As Rosetta Nears its Rendezvous With a Comet, Use this Way Cool Interactive Model to See How it Got There

By Tom Yulsman | July 18, 2014 3:30 pm

The folks at Inove, creators of Solar System Scope, got in touch with me this morning to share their recent cool creation: an online, interactive, 3-D model of the Rosetta mission to Comet 67P/Churyumov-Gerasimenko.

The European Space Agency’s Rosetta spacecraft has lately been going through a series of thruster burns to bring it to a final rendezvous with the comet on August 6th. At 1.9 by 3.1 miles in size, 67P is a relatively tiny chunk of dust and ice — making Rosetta’s coming meet-up after a journey of a decade and many millions of miles quite an amazing feat!

To see exactly how Rosetta has gotten there, check out the model above. You can also visit Solar System Scope (link above) and run the model there.

Here’s an animation of some of the latest images of the comet, acquired by Rosetta on July 14:

cool

Comet 67P/Churyumov-Gerasimenko was imaged on July 14,  2014 by OSIRIS, Rosetta’s scientific imaging system, from a distance of about 12,000 km (7,456 miles). This animation uses 36 images each acquired 20 minutes apart, providing a 360° preview of the complex shape of the comet. (Source: ESA/Rosetta/MPS for OSIRIS Team MPS/UPD/LAM/IAA/SSO/INTA/UPM/DASP/IDA)

The plan is for Rosetta to orbit for two months — which would be a first — all the while examining the comet’s surface. And in early November it will release a lander named Philae, which is supposed to touch down on the comet’s surface to carry out detailed scientific analyses. That would be another first.

The goal is to better understand the origin and evolution of the solar system. As ESA describes it:

The comet’s composition reflects the composition of the pre-solar nebula out of which the Sun and the planets of the Solar System formed, more than 4.6 billion years ago. Therefore, an in-depth analysis of comet 67P/Churyumov-Gerasimenko by Rosetta and its lander will provide essential information to understand how the Solar System formed.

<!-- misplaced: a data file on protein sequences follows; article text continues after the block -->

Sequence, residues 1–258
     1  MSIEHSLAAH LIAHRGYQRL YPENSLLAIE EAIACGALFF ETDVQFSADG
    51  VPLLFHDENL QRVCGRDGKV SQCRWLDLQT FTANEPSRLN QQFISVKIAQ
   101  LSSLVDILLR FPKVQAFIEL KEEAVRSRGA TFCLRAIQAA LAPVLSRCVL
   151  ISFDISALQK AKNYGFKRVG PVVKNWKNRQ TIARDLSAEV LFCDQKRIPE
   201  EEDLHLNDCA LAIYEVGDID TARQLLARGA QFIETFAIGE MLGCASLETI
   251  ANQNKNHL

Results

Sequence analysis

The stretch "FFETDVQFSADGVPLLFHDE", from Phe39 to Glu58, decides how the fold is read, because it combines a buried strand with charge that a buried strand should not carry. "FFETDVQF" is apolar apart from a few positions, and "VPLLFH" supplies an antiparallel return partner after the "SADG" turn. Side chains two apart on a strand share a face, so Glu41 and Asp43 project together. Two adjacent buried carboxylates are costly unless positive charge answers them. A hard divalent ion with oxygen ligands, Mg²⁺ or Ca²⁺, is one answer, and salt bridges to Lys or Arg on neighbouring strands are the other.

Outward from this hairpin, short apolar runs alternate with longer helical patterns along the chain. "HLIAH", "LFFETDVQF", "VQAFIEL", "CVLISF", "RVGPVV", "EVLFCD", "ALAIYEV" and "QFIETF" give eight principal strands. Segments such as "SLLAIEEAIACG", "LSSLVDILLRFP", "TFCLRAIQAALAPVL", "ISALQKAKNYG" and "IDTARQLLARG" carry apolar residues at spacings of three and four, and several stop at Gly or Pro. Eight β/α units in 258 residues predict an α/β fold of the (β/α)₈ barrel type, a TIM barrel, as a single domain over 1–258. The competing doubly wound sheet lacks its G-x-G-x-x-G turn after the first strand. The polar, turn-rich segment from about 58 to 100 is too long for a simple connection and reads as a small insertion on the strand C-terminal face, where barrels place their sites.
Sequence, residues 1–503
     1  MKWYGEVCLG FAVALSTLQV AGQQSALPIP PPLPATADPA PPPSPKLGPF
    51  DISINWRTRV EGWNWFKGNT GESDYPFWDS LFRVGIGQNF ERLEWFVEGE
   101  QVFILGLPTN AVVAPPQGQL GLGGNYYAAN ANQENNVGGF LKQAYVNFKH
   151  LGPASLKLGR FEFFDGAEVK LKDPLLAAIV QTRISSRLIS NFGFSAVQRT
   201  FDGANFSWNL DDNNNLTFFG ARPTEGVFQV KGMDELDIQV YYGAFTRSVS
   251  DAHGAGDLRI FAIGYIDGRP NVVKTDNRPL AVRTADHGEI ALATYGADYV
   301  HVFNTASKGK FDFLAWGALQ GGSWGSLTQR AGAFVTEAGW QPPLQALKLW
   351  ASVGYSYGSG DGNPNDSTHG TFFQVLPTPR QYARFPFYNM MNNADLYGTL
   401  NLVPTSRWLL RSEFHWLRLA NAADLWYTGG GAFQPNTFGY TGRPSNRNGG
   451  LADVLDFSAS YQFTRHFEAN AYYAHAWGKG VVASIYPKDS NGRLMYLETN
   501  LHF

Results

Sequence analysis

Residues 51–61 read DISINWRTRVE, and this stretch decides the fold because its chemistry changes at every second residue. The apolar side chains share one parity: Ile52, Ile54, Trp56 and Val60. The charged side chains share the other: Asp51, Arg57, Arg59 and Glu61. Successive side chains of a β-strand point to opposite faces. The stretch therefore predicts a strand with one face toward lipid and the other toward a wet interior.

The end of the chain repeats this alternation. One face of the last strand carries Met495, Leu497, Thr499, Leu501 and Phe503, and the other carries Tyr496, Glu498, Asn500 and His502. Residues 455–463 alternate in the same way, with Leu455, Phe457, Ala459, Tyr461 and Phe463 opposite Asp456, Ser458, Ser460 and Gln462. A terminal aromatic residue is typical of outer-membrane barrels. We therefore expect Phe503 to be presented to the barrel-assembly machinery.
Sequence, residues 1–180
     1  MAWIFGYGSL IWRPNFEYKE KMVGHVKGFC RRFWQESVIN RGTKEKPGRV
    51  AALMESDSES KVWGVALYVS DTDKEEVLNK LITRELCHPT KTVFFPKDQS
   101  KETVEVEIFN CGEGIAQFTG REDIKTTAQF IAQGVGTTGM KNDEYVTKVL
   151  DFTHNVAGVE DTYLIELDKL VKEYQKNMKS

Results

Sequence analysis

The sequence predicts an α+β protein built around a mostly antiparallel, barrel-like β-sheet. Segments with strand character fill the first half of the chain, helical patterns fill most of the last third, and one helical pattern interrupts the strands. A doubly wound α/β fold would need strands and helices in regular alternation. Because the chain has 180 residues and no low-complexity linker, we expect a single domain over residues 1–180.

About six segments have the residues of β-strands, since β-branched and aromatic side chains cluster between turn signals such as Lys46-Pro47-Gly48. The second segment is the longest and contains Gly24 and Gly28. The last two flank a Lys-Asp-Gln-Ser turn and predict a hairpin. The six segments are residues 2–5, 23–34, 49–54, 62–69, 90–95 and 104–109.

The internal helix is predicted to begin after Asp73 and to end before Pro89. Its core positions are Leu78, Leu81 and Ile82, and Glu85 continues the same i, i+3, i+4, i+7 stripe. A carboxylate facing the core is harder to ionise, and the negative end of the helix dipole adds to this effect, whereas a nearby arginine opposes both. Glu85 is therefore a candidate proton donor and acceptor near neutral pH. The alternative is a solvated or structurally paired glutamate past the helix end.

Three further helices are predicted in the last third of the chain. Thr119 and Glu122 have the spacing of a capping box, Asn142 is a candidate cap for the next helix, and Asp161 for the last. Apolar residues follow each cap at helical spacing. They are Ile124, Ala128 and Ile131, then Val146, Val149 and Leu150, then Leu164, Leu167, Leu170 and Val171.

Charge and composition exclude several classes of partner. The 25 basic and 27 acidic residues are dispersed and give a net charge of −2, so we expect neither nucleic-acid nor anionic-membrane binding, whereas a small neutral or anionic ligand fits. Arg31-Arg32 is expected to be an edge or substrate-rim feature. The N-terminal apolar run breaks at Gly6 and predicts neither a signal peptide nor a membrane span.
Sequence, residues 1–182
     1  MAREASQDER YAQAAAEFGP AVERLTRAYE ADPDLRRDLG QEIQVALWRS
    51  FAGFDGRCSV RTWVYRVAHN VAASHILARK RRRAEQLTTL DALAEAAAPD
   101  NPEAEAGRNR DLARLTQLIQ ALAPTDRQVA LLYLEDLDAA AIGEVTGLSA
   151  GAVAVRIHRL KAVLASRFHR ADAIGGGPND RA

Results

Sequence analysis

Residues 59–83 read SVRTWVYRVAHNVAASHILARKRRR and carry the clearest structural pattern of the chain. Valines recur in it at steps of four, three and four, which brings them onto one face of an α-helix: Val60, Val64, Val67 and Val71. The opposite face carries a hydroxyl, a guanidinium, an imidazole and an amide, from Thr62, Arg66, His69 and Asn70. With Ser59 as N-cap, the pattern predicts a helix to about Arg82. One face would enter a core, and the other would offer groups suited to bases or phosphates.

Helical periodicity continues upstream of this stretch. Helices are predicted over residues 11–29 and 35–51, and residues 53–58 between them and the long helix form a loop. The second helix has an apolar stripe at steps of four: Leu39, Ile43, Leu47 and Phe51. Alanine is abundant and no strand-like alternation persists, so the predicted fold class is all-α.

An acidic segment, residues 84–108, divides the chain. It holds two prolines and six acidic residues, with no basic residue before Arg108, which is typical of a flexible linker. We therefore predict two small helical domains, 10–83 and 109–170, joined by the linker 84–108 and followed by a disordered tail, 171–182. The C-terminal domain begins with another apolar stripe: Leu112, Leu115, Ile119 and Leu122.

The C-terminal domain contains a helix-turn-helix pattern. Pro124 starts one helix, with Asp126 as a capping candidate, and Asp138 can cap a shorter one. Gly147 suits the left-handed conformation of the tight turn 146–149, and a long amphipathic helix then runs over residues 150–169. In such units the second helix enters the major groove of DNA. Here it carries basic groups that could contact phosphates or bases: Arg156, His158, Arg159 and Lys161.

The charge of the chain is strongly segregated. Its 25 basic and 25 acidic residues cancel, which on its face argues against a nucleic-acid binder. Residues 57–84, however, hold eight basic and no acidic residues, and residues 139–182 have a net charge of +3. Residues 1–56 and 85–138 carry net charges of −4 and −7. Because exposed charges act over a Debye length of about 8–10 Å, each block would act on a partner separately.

And here is how Philae will carry out its measurements:

The 10 instruments on board the lander will do an on-the-spot analysis of the composition and structure of the comet’s surface and subsurface material. A drilling system will obtain samples down to 23 cm below the surface and will feed these to the spectrometers for analysis, such as to determine thechemical composition. Other instruments will measure properties such as near-surface strength, density, texture, porosity, ice phases and thermal properties. Microscopic studies of individual grains will tell us about the texture. In addition, instruments on the lander will study how the comet changes during the day-night cycle, and while it approaches the Sun.

I’m really looking forward to Rosetta’s final rendezvous on Aug. 6th, and I’m planning to post updates and images in the run-up. So check back.

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ImaGeo

ImaGeo is a visual blog focusing on the intersection of imagery, imagination and Earth. It focuses on spectacular visuals related to the science of our planet, with an emphasis (although not an exclusive one) on the unfolding Anthropocene Epoch.

About Tom Yulsman

Tom Yulsman is Director of the Center for Environmental Journalism and a Professor of Journalism at the University of Colorado, Boulder. He also continues to work as a science and environmental journalist with more than 30 years of experience producing content for major publications. His work has appeared in the New York Times, Washington Post, Audubon, Climate Central, Columbia Journalism Review, Discover, Nieman Reports, and many other publications. He has held a variety of editorial positions over the years, including a stint as editor-in-chief of Earth magazine. Yulsman has written one book: Origins: the Quest for Our Cosmic Roots, published by the Institute of Physics in 2003.

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